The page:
I’m sitting patiently in semi-darkness with Leo bottle-fed and tucked into the nook of my left arm, into which he still snugly fits. I’m not sure why this particular state of partial illumination is always referred to as ‘semi-darkness’ and never ‘semi-light’ – seems a little ‘glass half-empty’ to me. Everything is most satisfactory with Leo, though I’m definitely still waiting to enjoy myself. And, truth be told, I’d prefer at this moment to hunker down with child in a cosy blanket of darkness.
I’m trying to escape into a movie and Leo is, in fits and starts, and probably wisely, flirting with an escape from row F into sleep. Without the prerequisite level of cinema gloaming it’s tricky, however. I like my movie theatre dark as a sackful of black kittens, with the silver screen the only source of light, but the ambience here is set halfway and it’ll be staying that way for the duration – the eye doesn’t know where it is.
Roughly half the audience need to see exactly what they’re doing and who they’re doing it to when they’re not focused on the screen. More visual confusion. But there’ll be no speculative arms around shoulders today, certainly not on my part, no back-row groping. More’s the pity. No, this is not Friday evening, this is Friday morning. This is watch-with-baby at the Ritzy.
Whilst this is not Leo’s first taste of movie heaven – he has already visited a well-known galaxy far, far away, albeit with his mum and from the comfort of his own sofa – this is his first taste of the silver screen proper, and courtesy of pater, who’s been seized by a spirit of mild adventure.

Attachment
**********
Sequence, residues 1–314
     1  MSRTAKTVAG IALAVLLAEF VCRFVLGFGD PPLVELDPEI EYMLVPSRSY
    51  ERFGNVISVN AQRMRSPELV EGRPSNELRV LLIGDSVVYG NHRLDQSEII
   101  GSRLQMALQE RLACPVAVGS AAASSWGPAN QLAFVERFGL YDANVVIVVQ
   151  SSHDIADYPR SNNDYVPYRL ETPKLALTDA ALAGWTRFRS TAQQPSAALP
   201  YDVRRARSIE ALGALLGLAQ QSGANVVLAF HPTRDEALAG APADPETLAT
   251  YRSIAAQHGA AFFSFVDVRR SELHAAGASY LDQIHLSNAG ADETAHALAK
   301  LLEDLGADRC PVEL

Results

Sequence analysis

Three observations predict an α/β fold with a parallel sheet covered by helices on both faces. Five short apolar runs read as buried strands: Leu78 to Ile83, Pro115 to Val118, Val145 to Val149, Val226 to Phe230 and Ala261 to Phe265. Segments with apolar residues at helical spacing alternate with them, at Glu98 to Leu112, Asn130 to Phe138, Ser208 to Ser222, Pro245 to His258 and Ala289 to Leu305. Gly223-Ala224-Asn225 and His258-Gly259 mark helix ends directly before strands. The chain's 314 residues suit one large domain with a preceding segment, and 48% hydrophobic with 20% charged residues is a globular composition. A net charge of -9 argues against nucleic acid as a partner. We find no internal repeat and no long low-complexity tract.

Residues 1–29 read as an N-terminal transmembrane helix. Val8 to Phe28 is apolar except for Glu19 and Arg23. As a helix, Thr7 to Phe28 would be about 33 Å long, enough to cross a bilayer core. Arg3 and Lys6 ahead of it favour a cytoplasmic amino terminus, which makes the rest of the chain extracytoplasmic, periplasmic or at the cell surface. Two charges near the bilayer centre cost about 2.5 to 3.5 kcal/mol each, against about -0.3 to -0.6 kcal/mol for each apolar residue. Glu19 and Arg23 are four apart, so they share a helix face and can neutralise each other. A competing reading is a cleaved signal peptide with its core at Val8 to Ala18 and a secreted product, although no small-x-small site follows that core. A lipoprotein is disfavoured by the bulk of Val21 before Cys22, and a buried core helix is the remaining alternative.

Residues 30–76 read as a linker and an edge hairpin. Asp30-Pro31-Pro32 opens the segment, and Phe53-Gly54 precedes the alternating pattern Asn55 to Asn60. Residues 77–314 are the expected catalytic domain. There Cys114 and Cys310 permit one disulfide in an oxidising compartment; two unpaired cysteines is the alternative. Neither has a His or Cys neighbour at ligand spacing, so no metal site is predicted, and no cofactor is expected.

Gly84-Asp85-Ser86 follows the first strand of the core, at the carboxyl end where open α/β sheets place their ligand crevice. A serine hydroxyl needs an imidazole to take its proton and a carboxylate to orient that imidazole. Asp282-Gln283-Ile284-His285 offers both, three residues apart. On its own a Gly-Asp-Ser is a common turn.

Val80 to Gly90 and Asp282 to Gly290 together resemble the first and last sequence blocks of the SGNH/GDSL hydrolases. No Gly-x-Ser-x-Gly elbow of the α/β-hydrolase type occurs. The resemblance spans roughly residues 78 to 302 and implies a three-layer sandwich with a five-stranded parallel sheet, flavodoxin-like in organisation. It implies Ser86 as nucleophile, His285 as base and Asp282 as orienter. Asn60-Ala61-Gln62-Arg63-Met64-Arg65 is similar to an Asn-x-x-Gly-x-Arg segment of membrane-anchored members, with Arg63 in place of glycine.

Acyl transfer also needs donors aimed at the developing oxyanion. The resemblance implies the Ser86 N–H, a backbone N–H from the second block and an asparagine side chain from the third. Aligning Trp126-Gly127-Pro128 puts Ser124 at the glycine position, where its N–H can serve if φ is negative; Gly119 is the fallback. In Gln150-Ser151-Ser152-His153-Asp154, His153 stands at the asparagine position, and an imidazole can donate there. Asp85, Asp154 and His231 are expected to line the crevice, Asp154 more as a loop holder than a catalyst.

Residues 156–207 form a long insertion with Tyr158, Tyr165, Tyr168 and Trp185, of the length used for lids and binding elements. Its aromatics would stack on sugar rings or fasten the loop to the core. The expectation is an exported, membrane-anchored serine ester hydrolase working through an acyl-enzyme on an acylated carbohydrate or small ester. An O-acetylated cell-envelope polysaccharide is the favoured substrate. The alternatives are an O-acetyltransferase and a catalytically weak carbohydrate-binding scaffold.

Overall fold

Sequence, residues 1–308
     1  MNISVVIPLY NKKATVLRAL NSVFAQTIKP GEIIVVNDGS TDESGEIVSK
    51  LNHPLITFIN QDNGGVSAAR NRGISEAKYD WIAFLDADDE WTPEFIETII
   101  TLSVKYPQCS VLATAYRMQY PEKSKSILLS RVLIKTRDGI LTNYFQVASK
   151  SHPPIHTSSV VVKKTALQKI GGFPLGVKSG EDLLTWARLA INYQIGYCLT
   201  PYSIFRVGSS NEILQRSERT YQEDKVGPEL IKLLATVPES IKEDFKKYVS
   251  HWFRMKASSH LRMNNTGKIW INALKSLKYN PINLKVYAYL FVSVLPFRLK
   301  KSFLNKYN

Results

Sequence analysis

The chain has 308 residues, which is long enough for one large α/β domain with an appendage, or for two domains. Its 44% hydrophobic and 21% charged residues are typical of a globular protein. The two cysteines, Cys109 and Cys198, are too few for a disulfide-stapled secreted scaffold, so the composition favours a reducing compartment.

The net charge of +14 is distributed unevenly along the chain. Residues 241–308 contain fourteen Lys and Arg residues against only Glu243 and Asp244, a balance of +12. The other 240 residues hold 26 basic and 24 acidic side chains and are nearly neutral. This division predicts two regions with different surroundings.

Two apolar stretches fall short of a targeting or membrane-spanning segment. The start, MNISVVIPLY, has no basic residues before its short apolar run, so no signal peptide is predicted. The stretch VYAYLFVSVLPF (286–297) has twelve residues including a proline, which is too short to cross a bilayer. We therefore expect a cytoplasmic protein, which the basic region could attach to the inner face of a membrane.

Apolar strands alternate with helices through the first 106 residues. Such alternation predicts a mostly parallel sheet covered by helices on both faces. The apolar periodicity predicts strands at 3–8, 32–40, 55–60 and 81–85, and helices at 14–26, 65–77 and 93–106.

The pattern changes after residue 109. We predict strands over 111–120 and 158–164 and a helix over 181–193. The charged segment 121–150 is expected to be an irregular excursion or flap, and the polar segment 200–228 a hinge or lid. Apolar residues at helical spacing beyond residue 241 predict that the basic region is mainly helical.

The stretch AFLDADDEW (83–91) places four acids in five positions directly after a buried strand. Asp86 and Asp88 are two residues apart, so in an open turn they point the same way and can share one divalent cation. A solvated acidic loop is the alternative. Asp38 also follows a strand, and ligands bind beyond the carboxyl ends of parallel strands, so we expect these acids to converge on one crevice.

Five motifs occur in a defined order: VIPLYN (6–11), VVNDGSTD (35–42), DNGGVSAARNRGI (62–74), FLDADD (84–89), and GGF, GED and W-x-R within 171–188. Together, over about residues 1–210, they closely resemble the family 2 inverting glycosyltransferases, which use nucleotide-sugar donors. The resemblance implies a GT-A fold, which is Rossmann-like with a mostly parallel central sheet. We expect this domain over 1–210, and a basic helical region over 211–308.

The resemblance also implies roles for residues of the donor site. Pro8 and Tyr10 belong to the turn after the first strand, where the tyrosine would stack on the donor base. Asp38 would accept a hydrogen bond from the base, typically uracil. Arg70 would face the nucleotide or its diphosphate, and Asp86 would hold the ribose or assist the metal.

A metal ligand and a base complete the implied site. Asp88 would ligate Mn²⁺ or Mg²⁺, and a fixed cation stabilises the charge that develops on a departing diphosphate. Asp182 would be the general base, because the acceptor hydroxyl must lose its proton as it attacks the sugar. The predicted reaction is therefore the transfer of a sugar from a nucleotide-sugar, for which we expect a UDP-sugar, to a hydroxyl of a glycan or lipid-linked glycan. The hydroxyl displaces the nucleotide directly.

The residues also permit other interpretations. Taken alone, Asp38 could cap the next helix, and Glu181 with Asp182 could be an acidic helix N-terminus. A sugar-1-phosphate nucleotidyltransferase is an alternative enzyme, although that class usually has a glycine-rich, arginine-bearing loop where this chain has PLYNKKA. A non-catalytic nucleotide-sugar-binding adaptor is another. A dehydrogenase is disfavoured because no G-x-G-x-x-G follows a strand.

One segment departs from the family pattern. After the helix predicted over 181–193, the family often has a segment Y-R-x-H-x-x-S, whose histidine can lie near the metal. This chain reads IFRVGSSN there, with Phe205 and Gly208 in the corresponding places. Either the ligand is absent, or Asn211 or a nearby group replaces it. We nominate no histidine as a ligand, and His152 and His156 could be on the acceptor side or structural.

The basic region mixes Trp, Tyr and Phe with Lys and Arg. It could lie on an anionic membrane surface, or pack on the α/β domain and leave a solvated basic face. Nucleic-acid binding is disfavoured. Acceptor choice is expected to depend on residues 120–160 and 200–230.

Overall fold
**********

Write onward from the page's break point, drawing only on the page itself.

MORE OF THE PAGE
This is, to be a little more precise, watch-Bond-with-baby. It is, just to nail it, watch-Bond-with-baby-on-the-first-showing-on-the-opening-day of his most eagerly anticipated outing in years. With Sam Mendes the helmsman and a promise of biographical backdrop for a stripped-back, stay-at-home, austerity take on the nation’s favourite psychopathic defender of the realm, record box-office beckons. (Yes, that’s right – he’s a psycho. He needs to be, but more on that later). This means guaranteed carnage in the foyer, and a crush of buggies that might occasion 007 an obstruction almost as insurmountable as the double-decker load of VW Beetles he encounters in the first reel.
Were Bond to find himself holding the baby – admittedly an outcome as likely as a penguin at the North Pole, though his offspring are surely legion – I’d like to think he might eschew even a buggy customised by Q in favour of the carrier. Enhanced mobility counts when you’re the quarry in the bazaar, I’d have thought. It certainly counts when you’re slipping through a crowd of babies on a minimum of three wheels escorted by vexed parents, and my seat is found with ease.